The Yoga-Bhashya, the oldest extant commentary on the Yoga-Sutra offers the following fourfold classification of yogis: Prathama-kalpika Madhu-bhumika Prajna-jyoti Atikranta- bhavaniya A yogi or yogini aspires to Brahmacharya, which means celibacy if single, or non-cheating on one's partner. There have been two parallel views, in Hindu texts, on sexuality for a yogini. One view asserts restraint in sexual activity, towards monk- and nun-like asexuality, as transmutation away from worldly desires and onto a spiritual path, it is not considered, states Stuart Sovatsky, as a form of moralistic repression but a personal choice that empowers the yoga practitioner to redirect his or her energies. The second view, found in Tantra traditions according to David Gordon White, asserts that sexuality is an additional means for a yogi or yogini to journey towards and experience the bliss of "one realized god-consciousness for oneself". In the second view, sexuality is a yogic practice, one broadly revered through the lingam–yoni iconography of Shiva–Parvati, the divine yogi–yogini in Hindu mythology.
A yogi or yogini lives by other voluntary ethical precepts called Niyamas. These include: Ahiṃsā: nonviolence, non-harming other living beings Satya: truthfulness, non-falsehood Asteya: not stealing Dayā: kindness, compassion Ārjava: non-hypocrisy, sincerity Kṣamā: forgiveness Dhṛti: fortitude Mitāhāra: moderation in diet both in terms of quantity and quality Śauca: purity, cleanliness Tapas: austerity and perseverance in one's purpose Santoṣa: contentment, acceptance of others and of one's circumstances as they are, optimism for self Dāna: generosity, sharing with others According to David White, iddha means'realized, perfected one', a term applied to a practitioner who has, through his practice, realized his dual goal of superhuman powers (siddhis,'realizations','perfectio
India known as the Republic of India, is a country in South Asia. It is the seventh largest country by area and with more than 1.3 billion people, it is the second most populous country as well as the most populous democracy in the world. Bounded by the Indian Ocean on the south, the Arabian Sea on the southwest, the Bay of Bengal on the southeast, it shares land borders with Pakistan to the west. In the Indian Ocean, India is in the vicinity of Sri Lanka and the Maldives, while its Andaman and Nicobar Islands share a maritime border with Thailand and Indonesia; the Indian subcontinent was home to the urban Indus Valley Civilisation of the 3rd millennium BCE. In the following millennium, the oldest scriptures associated with Hinduism began to be composed. Social stratification, based on caste, emerged in the first millennium BCE, Buddhism and Jainism arose. Early political consolidations took place under the Gupta empires. In the medieval era, Zoroastrianism and Islam arrived, Sikhism emerged, all adding to the region's diverse culture.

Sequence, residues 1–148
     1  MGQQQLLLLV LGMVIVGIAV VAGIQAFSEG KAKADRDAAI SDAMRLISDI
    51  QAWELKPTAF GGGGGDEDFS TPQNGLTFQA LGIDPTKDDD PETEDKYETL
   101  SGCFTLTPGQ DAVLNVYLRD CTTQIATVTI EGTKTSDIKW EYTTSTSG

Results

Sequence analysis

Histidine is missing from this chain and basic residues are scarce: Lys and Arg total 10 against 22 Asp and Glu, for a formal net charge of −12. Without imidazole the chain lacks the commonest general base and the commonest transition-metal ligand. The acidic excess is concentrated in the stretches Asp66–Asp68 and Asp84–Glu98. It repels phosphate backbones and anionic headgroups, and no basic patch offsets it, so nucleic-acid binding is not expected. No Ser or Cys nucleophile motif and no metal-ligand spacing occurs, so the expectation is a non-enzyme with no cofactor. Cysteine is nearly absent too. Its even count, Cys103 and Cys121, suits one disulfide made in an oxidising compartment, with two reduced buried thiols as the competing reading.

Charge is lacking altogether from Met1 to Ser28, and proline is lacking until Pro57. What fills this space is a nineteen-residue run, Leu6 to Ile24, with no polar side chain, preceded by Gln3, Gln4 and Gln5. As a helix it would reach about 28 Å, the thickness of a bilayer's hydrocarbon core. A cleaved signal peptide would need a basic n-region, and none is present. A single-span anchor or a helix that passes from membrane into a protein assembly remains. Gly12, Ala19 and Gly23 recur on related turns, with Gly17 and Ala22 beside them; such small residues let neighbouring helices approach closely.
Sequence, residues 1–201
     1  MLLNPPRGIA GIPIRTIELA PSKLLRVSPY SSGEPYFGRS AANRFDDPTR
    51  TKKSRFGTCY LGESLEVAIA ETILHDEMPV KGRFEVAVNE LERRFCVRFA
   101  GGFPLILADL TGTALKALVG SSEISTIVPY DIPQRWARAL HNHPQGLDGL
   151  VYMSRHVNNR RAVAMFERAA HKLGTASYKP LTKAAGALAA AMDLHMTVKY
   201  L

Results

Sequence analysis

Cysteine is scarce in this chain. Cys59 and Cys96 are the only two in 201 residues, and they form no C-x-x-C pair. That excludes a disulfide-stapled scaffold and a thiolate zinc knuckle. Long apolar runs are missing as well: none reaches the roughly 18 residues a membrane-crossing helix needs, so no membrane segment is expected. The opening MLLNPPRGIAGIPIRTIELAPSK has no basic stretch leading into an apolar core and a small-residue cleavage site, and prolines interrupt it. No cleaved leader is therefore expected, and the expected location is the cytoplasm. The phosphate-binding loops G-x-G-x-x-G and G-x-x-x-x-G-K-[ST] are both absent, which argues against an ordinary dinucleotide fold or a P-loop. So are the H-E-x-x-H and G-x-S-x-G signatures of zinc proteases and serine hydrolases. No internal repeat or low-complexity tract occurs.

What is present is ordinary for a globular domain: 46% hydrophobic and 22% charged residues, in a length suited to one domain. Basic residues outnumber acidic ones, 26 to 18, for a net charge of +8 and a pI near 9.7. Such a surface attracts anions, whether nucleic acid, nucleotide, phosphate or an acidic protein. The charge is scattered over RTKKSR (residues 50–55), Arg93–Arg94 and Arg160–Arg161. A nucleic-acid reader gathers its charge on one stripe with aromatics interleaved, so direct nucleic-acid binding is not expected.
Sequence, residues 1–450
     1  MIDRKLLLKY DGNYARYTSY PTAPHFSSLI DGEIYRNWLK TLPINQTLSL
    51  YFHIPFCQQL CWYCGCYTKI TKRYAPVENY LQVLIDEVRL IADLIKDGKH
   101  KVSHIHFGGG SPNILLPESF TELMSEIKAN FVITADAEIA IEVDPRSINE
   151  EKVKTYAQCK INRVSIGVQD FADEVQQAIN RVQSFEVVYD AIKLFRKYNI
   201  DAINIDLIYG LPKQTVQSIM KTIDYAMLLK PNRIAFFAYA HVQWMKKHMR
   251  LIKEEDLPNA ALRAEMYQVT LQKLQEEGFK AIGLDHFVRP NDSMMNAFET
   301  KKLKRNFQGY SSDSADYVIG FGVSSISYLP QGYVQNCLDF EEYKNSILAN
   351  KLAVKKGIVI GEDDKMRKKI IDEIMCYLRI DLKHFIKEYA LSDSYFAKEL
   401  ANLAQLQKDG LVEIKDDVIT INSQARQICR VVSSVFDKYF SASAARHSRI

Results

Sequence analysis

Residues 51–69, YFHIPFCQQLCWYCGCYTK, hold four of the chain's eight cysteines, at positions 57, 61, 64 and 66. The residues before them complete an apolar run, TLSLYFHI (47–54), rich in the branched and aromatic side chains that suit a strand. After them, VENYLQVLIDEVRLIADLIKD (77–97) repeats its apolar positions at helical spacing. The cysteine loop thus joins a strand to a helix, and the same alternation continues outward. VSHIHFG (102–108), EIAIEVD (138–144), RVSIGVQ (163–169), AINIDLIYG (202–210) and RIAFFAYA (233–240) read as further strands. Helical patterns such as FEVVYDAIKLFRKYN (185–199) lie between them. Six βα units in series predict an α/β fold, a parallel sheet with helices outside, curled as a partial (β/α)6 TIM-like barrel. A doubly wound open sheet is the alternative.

Much of the north fell to the Delhi Sultanate. The economy expanded in the 17th century in the Mughal Empire. In the mid-18th century, the subcontinent came under British East India Company rule, in the mid-19th under British Crown rule. A nationalist movement emerged in the late 19th century, which under Mahatma Gandhi, was noted for nonviolent resistance and led to India's independence in 1947. In 2017, the Indian economy was the world's sixth largest by nominal GDP and third largest by purchasing power parity. Following market-based economic reforms in 1991, India became one of the fastest-growing major economies and is considered a newly industrialised country. However, it continues to face the challenges of poverty, corruption and inadequate public healthcare. A nuclear weapons state and regional power, it has the second largest standing army in the world and ranks fifth in military expenditure among nations. India is a federal republic governed under a parliamentary system and consists of 29 states and 7 union territories.
A pluralistic and multi-ethnic society, it is home to a diversity of wildlife in a variety of protected habitats. The name India is derived from Indus, which originates from the Old Persian word Hindush, equivalent to the Sanskrit word Sindhu, the historical local appellation for the Indus River; the ancient Greeks referred to the Indians as Indoi, which translates as "The people of the Indus". The geographical term Bharat, recognised by the Constitution of India as an official name for the country, is used by many Indian languages in its variations, it is a modernisation of the historical name Bharatavarsha, which traditionally referred to the Indian subcontinent and gained increasing currency from the mid-19th century as a native name for India. Hindustan is a Middle Persian name for India, it was introduced into India by the Mughals and used since then. Its meaning varied, referring to a region that encompassed northern India and Pakistan or India in its entirety; the name may refer to either the northern part of India or the entire country.
The earliest known human remains in South Asia date to about 30,000 years ago. Nearly contemporaneous human rock art sites have been found in many parts of the Indian subcontinent, including at the Bhimbetka rock shelters in Madhya Pradesh. After 6500 BCE, evidence for domestication of food crops and animals, construction of permanent structures, storage of agricultural surplus, appeared in Mehrgarh and other sites in what is now Balochistan; these developed into the Indus Valley Civilisation, the first urban culture in South Asia, which flourished during 2500–1900 BCE in what is now Pakistan and western India. Centred around cities such as Mohenjo-daro, Harappa and Kalibangan, relying on varied forms of subsistence, the civilization engaged robustly in crafts production and wide-ranging trade. During the period 2000–500 BCE, many regions of the subcontinent transitioned from the Chalcolithic cultures to the Iron Age ones; the Vedas, the oldest scriptures associated with Hinduism, were composed during this period, historians have analysed these to posit a Vedic culture in the Punjab region and the upper Gangetic Plain.